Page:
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News From Russia: What You Missed Over the Weekend

Maxim Grigoryev / TASS

Peaceful march

Russians took to the streets of central Moscow on Saturday to demand free elections to the capital's city legislature on Sept. 8, defying a ban which has been enforced with violent detentions during previous protests.

Witnesses estimated their number at a few thousand, while Moscow police said only 750 attended the event, which has not been sanctioned by the government, making it illegal.

Remembering Beslan

Hundreds of Russians gathered in the Northern Caucasus town of Beslan on Sunday to mourn the victims of the deadly school siege there that killed 334 people, including 186 children, 15 years ago.

A Russian inquiry into the tragedy failed to reach any conclusions and no Russian officials have been held accountable for the deaths. The commemoration ceremonies will continue for another three days, with people paying respect at the cemetery where most of the victims are buried.

Whose Crimea

At commemorations marking the 80th anniversary of the start of World War II in Warsaw, Polish President Andrzej Duda said that Poland saw a need to maintain Western sanctions against Russia over its 2014 annexation of Crimea from Ukraine. U.S. Energy Secretary Rick Perry said that Washington will most likely continue to toughen sanctions on Moscow. 

U.S. Vice President Mike Pence, also in Warsaw, reassured Ukraine on Sunday that Washington continues to back its claim for Crimea, even as U.S. President Donald Trump mulls cutting aid to Russia’s neighbor. 

WWII snub

Russia, which wasn’t invited to the World War II commemorations, reacted to the snub with a Foreign Ministry tweet saying “it’s impossible to deny the fact that it was the Soviet Union that routed Nazism, liberated Europe and saved European democracy.”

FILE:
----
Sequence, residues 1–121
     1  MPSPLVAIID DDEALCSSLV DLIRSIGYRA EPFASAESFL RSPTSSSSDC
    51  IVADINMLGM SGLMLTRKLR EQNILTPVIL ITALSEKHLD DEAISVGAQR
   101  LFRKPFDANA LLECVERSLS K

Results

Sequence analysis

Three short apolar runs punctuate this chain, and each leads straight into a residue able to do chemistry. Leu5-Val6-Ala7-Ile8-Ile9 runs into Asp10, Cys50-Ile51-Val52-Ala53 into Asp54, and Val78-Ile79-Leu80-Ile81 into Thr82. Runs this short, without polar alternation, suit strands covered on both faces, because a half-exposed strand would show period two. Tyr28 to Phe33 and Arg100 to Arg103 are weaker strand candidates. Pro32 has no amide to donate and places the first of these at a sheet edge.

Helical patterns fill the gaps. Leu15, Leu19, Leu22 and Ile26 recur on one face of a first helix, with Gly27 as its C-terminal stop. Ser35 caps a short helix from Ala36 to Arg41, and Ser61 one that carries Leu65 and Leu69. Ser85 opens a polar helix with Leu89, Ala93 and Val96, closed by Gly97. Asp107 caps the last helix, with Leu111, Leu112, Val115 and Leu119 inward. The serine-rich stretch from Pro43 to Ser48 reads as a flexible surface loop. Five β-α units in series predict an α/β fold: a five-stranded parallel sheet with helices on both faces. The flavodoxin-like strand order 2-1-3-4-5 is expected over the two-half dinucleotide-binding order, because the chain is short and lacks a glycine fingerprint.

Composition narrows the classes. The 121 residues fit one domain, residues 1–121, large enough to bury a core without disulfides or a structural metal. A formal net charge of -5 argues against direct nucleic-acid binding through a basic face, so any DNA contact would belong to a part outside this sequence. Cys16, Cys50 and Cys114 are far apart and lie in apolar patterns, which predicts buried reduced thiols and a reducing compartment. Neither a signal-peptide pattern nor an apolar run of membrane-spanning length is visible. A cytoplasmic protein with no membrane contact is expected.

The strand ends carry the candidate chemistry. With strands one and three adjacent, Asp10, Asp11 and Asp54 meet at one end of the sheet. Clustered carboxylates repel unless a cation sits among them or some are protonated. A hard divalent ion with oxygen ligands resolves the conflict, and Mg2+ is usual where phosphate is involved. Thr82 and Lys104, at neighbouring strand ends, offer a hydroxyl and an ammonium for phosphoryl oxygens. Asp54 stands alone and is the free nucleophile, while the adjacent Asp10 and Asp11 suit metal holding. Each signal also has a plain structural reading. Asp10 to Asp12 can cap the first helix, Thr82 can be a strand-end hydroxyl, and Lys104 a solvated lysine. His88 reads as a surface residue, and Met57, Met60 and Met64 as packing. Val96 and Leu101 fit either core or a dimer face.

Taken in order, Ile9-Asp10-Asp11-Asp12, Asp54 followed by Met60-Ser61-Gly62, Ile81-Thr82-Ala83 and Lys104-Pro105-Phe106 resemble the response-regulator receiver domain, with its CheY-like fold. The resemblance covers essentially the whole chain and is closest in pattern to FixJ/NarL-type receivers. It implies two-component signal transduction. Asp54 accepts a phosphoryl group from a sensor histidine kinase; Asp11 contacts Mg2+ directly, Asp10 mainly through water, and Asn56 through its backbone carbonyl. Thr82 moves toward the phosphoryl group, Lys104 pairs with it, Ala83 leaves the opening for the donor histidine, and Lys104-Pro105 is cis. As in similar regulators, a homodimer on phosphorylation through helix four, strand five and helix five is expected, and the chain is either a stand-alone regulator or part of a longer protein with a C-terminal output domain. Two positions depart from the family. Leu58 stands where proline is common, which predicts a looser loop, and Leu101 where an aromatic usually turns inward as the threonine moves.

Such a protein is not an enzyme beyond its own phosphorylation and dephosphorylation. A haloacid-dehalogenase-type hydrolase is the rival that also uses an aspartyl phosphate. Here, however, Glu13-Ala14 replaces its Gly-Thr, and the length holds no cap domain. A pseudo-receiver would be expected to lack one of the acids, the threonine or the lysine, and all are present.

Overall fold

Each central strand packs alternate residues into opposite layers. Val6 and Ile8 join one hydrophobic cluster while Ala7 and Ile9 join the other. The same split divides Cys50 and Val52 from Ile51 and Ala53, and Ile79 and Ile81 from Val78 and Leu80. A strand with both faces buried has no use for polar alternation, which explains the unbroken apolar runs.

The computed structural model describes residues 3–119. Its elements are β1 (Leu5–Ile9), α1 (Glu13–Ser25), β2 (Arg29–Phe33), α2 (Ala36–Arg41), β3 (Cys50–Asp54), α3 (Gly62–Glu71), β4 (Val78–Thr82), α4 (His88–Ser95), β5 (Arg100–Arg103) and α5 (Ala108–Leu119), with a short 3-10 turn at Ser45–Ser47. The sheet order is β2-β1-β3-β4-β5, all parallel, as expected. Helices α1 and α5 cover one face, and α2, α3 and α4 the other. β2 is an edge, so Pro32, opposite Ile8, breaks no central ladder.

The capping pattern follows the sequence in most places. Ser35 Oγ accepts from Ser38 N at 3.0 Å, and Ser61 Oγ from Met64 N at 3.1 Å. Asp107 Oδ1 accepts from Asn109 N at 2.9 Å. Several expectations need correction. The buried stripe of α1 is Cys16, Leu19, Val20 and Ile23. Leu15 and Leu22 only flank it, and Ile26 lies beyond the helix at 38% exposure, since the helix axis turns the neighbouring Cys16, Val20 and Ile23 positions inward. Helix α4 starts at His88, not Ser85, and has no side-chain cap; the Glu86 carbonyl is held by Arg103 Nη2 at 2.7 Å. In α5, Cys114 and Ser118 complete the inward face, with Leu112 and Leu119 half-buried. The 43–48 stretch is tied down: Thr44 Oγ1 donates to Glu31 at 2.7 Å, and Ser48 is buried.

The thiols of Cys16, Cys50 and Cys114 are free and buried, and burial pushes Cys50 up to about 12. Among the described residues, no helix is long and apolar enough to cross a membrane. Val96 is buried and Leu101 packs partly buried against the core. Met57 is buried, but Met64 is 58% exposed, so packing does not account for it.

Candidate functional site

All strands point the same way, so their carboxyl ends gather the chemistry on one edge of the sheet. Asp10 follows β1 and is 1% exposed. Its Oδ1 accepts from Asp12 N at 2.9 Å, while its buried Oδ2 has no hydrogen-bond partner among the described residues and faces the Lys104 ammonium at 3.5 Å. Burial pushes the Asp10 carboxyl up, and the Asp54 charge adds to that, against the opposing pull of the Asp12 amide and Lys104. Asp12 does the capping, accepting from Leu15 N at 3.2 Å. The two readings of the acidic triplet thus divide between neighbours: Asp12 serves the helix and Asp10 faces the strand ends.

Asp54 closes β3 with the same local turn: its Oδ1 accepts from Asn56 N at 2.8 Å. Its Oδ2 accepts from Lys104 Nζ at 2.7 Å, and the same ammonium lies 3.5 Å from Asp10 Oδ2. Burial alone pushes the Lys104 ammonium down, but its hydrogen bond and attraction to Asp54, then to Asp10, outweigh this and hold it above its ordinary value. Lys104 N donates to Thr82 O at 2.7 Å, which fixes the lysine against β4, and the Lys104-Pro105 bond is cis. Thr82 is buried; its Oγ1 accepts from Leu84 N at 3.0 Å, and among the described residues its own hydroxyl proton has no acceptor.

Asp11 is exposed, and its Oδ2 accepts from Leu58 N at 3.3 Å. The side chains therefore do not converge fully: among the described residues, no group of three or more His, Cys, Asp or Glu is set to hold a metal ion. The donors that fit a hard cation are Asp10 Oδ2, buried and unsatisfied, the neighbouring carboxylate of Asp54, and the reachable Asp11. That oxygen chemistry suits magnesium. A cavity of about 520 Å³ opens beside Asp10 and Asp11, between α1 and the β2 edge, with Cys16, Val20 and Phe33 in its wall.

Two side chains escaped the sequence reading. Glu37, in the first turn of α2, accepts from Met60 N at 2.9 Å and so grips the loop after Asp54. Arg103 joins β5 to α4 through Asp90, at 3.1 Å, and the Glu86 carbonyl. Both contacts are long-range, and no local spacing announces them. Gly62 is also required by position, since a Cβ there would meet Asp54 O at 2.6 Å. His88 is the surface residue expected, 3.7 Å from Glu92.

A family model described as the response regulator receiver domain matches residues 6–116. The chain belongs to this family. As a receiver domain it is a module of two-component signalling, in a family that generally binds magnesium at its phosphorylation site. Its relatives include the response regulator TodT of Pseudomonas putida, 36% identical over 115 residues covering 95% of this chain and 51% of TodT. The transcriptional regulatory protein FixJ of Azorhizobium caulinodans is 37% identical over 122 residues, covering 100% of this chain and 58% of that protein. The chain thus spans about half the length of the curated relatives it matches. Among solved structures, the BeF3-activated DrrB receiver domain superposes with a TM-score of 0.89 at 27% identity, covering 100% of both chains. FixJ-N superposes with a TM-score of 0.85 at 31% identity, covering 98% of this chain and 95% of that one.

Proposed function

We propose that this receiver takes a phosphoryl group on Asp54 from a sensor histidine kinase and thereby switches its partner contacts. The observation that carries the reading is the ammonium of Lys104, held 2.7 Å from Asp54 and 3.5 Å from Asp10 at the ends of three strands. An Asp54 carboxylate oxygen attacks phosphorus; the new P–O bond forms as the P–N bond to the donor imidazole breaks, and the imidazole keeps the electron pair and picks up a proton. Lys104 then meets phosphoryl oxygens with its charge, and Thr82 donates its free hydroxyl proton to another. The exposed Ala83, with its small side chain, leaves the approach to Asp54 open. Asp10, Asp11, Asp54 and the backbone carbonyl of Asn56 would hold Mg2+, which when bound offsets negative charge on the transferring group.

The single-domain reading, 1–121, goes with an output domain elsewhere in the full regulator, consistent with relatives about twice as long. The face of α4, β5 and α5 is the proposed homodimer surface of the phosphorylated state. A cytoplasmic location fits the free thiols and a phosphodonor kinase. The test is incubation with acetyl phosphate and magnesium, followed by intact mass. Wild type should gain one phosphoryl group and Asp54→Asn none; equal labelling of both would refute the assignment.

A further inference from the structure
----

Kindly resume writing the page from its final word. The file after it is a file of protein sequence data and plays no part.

Vyacheslav Volodin, the speaker of Russia’s lower house of parliament, accused Poland of “politicizing” the outcome of the war.

A killing in Berlin

The suspect detained over the killing last week of a Georgian citizen in Berlin had a passport whose number linked him to Russian security services, the German magazine Der Spiegel reported.

A Der Spiegel investigation conducted jointly with the investigative networks Bellingcat and The Insider said that no one with the name of the alleged assassin was found in the Russian national passport register. It added that his passport number was associated with an Interior Ministry unit that had in the past issued identity documents for agents of the GRU military intelligence service.

Last week, Der Spiegel reported that German investigators are looking at Zelimkhan Khangoshvili’s death as a "professionally planned and executed contract killing" by a foreign intelligence service. 

Big band

Some 8,097 musicians gathered in St. Petersburg to perform the Russian national anthem on Sunday, setting what organizers claim is a record for the largest orchestra.

The Guinness Book of Records was invited to enter the rendition in the record books and 20,000 people reportedly sang along with the performance.

Includes reporting from Reuters.

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